For this reason the Instruction insists on the primacy of the interior life of the religious apostle. It re-echoes the appeals of Pope Paul VI in his discourse to a group of major superiors on May 23rd, 1964 (A.A.S. LVI, 1964, pp. 569-570): "In the renewal of your institutes you must be careful always to give first thought to the spiritual life of your religious. We certainly do not wish that, among your religious devoted to the external works of the Apostolate, an opinion should prevail that it is necessary to be concerned firstly about external activity and afterwards only to interior perfection, as if this were the great need of our time and this the Church's answer to modern problems. Ardent activity and serious application to the spiritual life, far from being in opposition, are so closely connected that there is no hope of progress unless they go hand-in-hand. To activity must also be added the application to fervent prayer, concern for purity of conscience, perseverance in adversity, an active charity and eager zeal for the salvation of souls. If these virtues are overlooked, the labours of the Apostolate will lack true fruitfulness. The soul that has become tepid will not succeed for long in escaping the dangers that are to be found in carrying out the sacred ministry".
All this is but re-echoing the teaching of the Ecumenical. Council, which stated that for institutions given to apostolic works "the entire religious life of the members should be penetrated by an apostolic spirit, as their entire apostolic activity should be animated by a religious spirit. Therefore, in order that members may above all respond to their vocation of following Christ and of serving Christ Himself in His members, their apostolic activity should result from intimate union with Him" (Perfectae Caritatis, n. 8).
II – FUNCTION OF THE DOCUMENT
To determine what the training of religious should be today, the Instruction counsels that formation be entirely orientated towards the profession of perpetual vows, the meaning of which it also explains. So as never to lose sight of this it stresses the actual requirements in the training of religious. The period of training must be extended, and the training itself must be more progressive and better adapted to the particular aims of each institute.1) Nature of perpetual profession of the vows
Religious profession through which a religious publicly pledges himself by taking vows to practise the evangelical counsels is essentially a total consecration by which he is committed to the service of God. Its very nature implies the necessity of its being perpetual.
Already, through Baptism, the Christian is incorporated in Jesus Christ. By virtue of this incorporation his human nature is enriched by the gifts of divine grace and is dedicated to the worship of God. He is destined to continue the teaching, redeeming and sanctifying mission of Christ of whom he is a member. By religious profession the follower of Christ removes all the obstacles which might hinder him in realizing his Christian vocation.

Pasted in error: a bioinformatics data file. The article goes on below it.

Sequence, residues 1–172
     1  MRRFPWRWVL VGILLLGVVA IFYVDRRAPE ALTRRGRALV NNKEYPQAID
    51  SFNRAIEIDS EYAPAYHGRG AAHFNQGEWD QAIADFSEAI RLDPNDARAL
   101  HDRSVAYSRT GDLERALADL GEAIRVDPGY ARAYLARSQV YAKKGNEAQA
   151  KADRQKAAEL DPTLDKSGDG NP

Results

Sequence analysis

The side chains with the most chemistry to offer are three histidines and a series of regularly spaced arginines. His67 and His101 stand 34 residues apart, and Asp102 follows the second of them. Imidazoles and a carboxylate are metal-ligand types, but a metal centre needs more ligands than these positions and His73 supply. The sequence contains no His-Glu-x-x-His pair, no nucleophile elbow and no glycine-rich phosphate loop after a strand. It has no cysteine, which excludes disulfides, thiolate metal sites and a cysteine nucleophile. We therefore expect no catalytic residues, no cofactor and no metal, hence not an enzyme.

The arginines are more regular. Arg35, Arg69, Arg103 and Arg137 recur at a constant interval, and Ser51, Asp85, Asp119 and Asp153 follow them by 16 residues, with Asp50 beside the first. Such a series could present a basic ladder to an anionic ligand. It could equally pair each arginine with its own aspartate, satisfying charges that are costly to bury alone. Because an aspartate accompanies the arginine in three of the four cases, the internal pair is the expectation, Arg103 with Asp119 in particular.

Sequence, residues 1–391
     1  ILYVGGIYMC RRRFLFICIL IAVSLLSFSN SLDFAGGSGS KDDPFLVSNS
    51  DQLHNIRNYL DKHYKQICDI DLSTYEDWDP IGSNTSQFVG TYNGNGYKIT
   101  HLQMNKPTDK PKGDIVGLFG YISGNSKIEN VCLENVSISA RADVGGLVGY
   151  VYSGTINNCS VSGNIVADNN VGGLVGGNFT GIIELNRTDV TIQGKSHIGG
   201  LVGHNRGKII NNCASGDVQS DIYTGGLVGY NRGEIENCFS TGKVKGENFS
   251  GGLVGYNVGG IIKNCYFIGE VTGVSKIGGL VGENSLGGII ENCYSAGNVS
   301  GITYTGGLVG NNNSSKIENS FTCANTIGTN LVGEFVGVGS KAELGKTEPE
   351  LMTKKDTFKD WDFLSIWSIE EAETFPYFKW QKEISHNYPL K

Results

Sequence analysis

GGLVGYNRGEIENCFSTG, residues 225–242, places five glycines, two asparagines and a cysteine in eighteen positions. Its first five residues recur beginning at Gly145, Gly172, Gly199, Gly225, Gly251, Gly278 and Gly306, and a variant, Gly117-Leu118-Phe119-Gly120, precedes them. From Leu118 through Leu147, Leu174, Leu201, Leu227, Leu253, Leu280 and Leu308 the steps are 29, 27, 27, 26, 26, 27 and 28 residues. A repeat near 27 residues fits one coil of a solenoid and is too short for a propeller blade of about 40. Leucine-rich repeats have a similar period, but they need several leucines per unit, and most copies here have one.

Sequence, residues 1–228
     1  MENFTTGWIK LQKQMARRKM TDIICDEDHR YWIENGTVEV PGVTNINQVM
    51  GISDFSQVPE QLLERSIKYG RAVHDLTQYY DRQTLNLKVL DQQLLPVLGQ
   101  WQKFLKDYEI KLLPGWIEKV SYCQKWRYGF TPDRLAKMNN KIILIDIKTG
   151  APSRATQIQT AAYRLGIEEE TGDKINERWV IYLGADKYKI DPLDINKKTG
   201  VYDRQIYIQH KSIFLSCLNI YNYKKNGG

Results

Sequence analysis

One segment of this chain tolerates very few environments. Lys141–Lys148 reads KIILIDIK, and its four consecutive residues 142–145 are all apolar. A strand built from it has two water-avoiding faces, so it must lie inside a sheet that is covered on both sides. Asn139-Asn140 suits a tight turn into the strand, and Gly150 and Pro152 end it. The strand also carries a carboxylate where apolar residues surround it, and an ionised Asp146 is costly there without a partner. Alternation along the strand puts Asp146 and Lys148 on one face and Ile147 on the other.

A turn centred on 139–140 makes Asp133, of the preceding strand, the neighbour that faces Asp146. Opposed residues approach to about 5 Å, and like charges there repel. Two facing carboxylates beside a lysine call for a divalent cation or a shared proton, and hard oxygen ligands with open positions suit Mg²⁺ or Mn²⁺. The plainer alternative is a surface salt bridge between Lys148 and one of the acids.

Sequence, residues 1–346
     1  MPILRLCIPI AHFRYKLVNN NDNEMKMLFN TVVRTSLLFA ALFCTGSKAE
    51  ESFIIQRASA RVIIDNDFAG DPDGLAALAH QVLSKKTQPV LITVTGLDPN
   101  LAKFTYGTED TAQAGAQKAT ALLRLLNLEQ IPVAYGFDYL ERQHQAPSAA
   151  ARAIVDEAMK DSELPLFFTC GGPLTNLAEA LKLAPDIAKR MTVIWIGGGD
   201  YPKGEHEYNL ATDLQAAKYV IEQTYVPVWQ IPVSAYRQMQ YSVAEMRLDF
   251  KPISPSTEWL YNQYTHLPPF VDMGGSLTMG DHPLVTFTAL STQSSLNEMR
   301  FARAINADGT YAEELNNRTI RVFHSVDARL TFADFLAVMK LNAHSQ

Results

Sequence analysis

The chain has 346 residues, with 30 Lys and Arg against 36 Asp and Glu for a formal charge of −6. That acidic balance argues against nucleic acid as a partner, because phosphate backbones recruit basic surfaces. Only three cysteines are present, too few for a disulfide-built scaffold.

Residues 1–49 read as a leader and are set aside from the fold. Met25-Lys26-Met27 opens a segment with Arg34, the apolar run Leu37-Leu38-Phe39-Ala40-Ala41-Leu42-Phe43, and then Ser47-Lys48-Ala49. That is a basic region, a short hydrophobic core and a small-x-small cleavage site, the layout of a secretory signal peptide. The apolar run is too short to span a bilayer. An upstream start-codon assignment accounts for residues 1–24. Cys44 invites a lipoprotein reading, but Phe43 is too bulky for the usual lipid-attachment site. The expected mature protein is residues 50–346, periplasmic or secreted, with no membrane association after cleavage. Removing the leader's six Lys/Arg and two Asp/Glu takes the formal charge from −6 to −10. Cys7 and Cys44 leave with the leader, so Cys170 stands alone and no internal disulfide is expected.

Charity orientates the life of the religious toward the same end for which Christ came amongst us, the worship of God and the teaching, redemption and sanctification of all men. This is the Church's mission in the world. The Church receives in God's name the public vows of a religious and consecrates him to the service of her own mission on earth: "thence arises his duty to be discharged to the extent of his capacities and in keeping with the form of his proper vocation. The chosen means may be prayer or active undertakings in order to implant and strengthen the Kingdom of Christ in souls and to extend that Kingdom to every land" (Lumen Gentium,n. 44).
Religious consecration is not, therefore, directed solely to the good of the individual religious but also to the common good of the Church, and to the fulfilling of the very essence of religious life. In order to do this external apostolic activities are not indispensable. Contemplatives, through the example of their lives, through the sacrifice of praise that they ceaselessly offer to God, through their constant intercession, and through their union with the sacrifice of Jesus Christ, accomplish in an eminent manner the apostolic function of their religious vocation (cf. Perfectae Caritatis, n. 7).
Such total consecration to God by its very nature cannot be otherwise than perpetual.
The love, in fact, that inspires this consecration is such that it leads the religious never even to question the totality or finality of his gift. The detachment required for such a consecration does not give any grounds to the religious who, having offered himself totally to the service of God might later wish to withhold a part of his affections, his. thoughts or his activities. Doubtless, in exceptional cases the Church can dispense a religious who through his own fault, or for other reasons is no longer able to live up to what he has promised. But these exceptional dispensations do not make religious consecration any less total or definitive.